A principle object of the invention is a system of in vivo bone fusing/welding that is amenable to the clinical setting. The current invention allows bone segments to be welded in a “flowing” fluid medium utilizing radio frequency energy combined with a bioactive interfacing agent rather than laser and “solders” disclosed in prior art. Configuration of the bioactive agent to be specifically manipulable in the in vivo joint space and retain its effective boundary in a flowing fluid environment provided the link to clinical application and patient care. A fluid medium is important since all biologic processes in vivo including healing occur in a fluid environment. Even further, the current invention addresses the missing component of prior art if fusing/welding of bone is to be used during the fluid flow encountered in endoscopy. Most joint reconstruction procedures involves placement of bone, bioactive agents, devices, and instrumentation in proximity of adjacent articular surfaces, synovium, ligaments, and/or or cartilage attachments. Endoscopy procedures are currently popular due to the lower morbidity, quicker recovery, and lower cost of traditional open procedures. Radio frequency energy is preferred due to its ease of applicability in a fluid environment, affordable market cost and high market equipment availability, lower collateral damage than with traditional laser, safety to operating personnel and patients, and controllability during application. Further, widespread acceptance in clinical practice has been achieved and FDA clearance has been granted for various indications and has led this energy source to dominate clinical practice over the use of other energy sources. A bioactive interfacing agent is required in this setting to increase the weld strength, weld duration, healing rate, and obviate the need for other provisional fixation techniques that retain sequelae. Radio frequency energy and the bioactive interfacing agent as disclosed are uniquely suited for this new in vivo bone fusing/welding process.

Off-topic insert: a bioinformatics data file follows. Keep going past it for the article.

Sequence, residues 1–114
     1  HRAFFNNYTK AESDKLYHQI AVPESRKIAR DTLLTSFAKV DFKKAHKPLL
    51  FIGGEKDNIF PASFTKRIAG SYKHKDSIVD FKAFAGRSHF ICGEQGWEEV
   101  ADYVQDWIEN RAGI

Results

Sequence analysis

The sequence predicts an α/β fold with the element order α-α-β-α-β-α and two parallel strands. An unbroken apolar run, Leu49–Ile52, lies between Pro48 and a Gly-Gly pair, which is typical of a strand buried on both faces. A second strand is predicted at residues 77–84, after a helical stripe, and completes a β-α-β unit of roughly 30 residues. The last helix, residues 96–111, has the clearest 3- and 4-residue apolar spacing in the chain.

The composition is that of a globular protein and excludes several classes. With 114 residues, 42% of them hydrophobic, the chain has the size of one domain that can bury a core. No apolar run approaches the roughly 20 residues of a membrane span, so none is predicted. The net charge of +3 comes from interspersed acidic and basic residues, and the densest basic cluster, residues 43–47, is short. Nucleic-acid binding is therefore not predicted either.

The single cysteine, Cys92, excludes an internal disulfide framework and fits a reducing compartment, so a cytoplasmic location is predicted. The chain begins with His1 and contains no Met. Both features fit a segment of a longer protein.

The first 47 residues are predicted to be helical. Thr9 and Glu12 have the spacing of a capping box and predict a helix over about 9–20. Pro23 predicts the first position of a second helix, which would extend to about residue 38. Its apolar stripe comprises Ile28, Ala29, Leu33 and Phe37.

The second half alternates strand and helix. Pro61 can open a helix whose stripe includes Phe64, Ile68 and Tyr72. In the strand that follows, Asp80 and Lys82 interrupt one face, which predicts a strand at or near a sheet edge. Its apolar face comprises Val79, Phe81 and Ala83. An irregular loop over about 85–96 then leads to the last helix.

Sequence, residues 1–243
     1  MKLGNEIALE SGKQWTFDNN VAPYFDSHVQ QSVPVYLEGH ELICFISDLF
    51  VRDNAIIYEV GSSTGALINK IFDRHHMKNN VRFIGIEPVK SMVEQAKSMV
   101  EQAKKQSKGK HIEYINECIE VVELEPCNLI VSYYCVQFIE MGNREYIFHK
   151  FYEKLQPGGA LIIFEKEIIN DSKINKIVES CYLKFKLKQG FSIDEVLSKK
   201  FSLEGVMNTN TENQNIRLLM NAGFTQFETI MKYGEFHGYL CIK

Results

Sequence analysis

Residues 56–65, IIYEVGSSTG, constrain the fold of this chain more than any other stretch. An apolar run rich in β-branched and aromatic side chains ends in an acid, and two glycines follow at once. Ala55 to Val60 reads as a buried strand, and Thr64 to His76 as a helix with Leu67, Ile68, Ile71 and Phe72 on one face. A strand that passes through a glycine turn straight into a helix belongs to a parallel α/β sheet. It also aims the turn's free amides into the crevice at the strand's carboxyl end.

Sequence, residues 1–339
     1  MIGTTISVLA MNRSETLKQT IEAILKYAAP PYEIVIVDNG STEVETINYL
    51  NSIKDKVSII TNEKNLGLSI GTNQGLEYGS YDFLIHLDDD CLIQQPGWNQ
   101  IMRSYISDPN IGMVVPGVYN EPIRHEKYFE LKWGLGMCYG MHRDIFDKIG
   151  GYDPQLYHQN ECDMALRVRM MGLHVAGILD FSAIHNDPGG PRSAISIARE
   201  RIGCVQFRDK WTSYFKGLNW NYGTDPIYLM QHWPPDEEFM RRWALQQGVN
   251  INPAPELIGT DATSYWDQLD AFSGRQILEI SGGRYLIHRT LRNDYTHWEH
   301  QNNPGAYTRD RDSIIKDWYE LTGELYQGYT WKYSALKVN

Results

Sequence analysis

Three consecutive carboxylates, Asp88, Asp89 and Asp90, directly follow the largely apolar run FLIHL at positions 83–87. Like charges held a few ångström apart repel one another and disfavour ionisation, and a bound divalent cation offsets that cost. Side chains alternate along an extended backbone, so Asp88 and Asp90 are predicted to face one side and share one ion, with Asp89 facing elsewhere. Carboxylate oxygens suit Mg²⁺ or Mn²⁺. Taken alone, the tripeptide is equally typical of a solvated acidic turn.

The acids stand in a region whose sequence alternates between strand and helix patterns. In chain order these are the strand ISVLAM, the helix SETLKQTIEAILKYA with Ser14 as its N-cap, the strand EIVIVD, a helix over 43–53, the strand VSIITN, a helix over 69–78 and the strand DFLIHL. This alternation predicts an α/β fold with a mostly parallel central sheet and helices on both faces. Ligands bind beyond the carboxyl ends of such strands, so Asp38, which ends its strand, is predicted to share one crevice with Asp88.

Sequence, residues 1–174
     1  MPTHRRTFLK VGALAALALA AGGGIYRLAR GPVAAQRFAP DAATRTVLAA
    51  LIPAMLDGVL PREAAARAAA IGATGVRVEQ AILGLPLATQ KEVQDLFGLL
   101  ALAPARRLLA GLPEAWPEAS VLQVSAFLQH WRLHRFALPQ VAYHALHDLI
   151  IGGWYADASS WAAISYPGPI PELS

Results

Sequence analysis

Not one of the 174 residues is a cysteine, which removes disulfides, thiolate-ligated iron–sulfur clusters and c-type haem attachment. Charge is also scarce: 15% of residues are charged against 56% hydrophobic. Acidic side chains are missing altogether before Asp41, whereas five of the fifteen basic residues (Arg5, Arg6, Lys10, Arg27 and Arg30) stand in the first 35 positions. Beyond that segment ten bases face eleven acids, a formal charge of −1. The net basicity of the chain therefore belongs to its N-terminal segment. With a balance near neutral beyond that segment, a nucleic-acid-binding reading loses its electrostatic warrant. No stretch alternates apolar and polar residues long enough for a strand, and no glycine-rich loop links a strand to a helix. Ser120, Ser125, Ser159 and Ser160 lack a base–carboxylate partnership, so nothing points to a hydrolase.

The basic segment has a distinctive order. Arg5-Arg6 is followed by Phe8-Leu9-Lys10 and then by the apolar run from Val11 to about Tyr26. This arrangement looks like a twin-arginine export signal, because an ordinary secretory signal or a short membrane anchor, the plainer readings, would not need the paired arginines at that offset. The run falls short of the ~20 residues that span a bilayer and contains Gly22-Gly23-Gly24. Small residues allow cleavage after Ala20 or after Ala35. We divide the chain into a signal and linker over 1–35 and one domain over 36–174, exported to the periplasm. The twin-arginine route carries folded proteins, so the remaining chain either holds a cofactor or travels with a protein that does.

Further, electromagnetic energy can damage surrounding normal tissue if not applied in a carefully controlled and limited fashion. In the clinical setting, patient care procedures cannot utilize such energy if significant collateral damage occurs as a procedure sequelae. Laser energy as a form of electromagnetic energy can be directed to the area of application by utilizing a specific light absorbing dye placed at the application site to aid in limiting collateral damage. This interaction is dependent upon the wavelength of the laser energy where specific dyes channel specific laser energy to induce photostimulation of tissue that induces heat. This technique provides a means to localize the energy necessary for the specific treatment purposes. Unfortunately, water absorbs laser light energy as well and since biologic tissues are composed mainly of water, difficulty in preventing collateral damage exists with laser energy despite attempts at localization with light absorbing dyes. During endoscopy procedures, the treatment area is filled with fluid and often continually renewed (flow) that also would absorb energy. Other factors can be manipulated to decrease laser collateral damage such as altering the power density, spot size, and application mode and time. These techniques however rely upon gross tissue examination to determine effects without a natural means of avoiding collateral damage. The present invention provides a bioactive interfacing agent that acts to channel the electromagnetic energy to the agent itself and at the same time benefiting from the natural insulating affects of radio frequency energy upon untreated bone, thereby minimize collateral tissue damage.